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savings in pension reform@ (Adds quotes, details)
BRASILIA, May 28 (Reuters) - Brazil's congressional pension reform committee is targeting an overhaul that will generate savings of between 800 billion and 1 trillion reais, its chairman said on Tuesday, but warned the government lacks the votes needed for approval.
In an interview with Reuters, federal deputy Marcelo Ramos said the pensions committee is unlikely to vote on President Jair Bolsonaro's signature economic reform bill before the first week of July due to local holidays. It would then go to the lower house and subsequently to the Senate.
But Bolsonaro and Economy Minister Paulo Guedes must show the political leadership and engagement they have so far lacked in order to get a fractured Congress to support the bill and pass it, Ramos said.
"Our focus is between 800 billion and 1 trillion," he said, referring to the anticipated savings over the next decade from overhauling Brazil's costly social security system. The government's proposal aims for 1.237 trillion reais ($307 billion), but markets expect it will be around 600 billion.
Lower House president Rodrigo Maia said on Tuesday he expects the bill's coordinator on the pensions committee, lawmaker Samuel Moreira, to deliver his report by June 15.
Bolsonaro has come under fire for his alleged passive role in what is his administration's signature economic reform plan. The pension reform aims to restore public finances, lift investor confidence and revive Brazil's economy.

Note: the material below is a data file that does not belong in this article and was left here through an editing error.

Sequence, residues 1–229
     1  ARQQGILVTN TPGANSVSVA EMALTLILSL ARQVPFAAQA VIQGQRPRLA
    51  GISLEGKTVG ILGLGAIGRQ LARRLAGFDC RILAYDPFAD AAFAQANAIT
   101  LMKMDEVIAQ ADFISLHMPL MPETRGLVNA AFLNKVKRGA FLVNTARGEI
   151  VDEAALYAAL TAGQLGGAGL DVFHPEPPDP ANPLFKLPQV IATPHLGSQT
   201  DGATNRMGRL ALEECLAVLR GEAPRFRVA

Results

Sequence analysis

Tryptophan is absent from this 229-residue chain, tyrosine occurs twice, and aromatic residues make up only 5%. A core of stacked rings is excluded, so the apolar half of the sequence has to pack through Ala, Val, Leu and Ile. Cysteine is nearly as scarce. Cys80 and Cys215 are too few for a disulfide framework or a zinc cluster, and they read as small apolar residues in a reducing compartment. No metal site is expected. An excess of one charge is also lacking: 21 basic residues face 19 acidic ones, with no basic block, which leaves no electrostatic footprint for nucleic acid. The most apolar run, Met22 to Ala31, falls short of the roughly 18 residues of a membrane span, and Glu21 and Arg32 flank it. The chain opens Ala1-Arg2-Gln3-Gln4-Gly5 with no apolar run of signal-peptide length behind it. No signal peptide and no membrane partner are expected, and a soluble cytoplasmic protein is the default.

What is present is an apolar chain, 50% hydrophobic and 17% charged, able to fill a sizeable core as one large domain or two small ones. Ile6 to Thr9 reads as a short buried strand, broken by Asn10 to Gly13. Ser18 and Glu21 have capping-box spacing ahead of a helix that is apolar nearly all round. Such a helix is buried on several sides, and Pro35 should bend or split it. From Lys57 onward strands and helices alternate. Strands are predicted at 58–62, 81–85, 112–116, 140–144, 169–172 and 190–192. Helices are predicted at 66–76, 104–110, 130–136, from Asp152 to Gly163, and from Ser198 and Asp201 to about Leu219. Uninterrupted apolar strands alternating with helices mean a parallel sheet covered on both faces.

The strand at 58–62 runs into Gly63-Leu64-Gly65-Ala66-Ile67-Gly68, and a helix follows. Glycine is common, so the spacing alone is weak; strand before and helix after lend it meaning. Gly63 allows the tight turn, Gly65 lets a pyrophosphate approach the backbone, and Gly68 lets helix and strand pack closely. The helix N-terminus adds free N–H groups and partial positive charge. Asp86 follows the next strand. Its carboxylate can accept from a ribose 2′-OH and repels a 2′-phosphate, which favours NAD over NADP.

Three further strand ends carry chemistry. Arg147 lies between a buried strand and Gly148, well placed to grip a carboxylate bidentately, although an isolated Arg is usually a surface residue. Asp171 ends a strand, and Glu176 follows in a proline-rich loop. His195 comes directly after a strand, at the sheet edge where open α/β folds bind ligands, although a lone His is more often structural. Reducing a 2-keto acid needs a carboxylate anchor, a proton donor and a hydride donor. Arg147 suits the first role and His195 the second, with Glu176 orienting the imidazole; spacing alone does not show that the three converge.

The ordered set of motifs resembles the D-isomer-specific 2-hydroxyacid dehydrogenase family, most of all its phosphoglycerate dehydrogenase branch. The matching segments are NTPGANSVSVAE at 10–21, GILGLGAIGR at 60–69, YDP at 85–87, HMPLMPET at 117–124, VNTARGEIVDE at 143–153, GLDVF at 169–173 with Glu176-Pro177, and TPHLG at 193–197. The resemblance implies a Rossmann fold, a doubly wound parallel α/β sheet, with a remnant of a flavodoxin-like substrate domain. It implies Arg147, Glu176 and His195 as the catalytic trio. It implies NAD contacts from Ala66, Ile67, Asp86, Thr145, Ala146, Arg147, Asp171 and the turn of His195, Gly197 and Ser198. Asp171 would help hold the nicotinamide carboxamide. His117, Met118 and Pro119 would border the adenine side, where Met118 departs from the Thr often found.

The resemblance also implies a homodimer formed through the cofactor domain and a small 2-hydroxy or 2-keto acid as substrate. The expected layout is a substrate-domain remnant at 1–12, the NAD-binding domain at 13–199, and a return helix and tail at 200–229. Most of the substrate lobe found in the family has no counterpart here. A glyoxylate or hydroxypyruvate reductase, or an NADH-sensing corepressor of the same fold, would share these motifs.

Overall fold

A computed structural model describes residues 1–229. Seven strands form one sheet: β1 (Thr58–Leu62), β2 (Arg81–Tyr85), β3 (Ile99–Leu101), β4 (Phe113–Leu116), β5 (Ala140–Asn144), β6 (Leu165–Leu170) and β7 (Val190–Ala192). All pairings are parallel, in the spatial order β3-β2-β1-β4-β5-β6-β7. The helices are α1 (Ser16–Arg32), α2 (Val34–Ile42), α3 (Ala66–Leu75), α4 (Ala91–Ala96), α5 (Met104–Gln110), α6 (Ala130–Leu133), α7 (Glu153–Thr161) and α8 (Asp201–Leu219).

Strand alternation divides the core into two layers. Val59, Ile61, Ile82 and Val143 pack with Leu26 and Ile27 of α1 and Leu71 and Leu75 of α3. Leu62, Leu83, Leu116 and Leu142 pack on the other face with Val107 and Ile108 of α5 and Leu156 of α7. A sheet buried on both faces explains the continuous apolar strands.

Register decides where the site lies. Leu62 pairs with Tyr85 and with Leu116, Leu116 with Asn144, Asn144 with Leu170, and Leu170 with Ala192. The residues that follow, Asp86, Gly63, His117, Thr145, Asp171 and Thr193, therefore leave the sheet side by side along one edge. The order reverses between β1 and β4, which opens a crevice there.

"He is going to have to go out and talk to party leaders, or with deputies individually. His choice," Ramos said. "When you go to the plenary, you have to deal with the parties, if only to talk, to offer amendments, anything. But without negotiating with the parties, there is no vote."
Ramos also criticized Guedes, seen by many as one of the few heavyweights in Bolsonaro's cabinet, for essentially using pension reform as a vehicle to impose his orthodox, liberal economic vision on the country.
Ramos said Guedes is aiming for an elevated savings target because he can use some 400 billion reais of it to cover the cost of transitioning from the current system to one of private individual retirement savings accounts.
"What does Guedes want? It's a blank check," Ramos said. "The whole structure of (the government's) reform proposal is to lead to a private savings account system. Even today, no one has said how much this will cost."
($1 = 4.02 reais) (Reporting by Ricardo Brito and Jamie McGeever; editing by Sonya Hepinstall and Dan Grebler)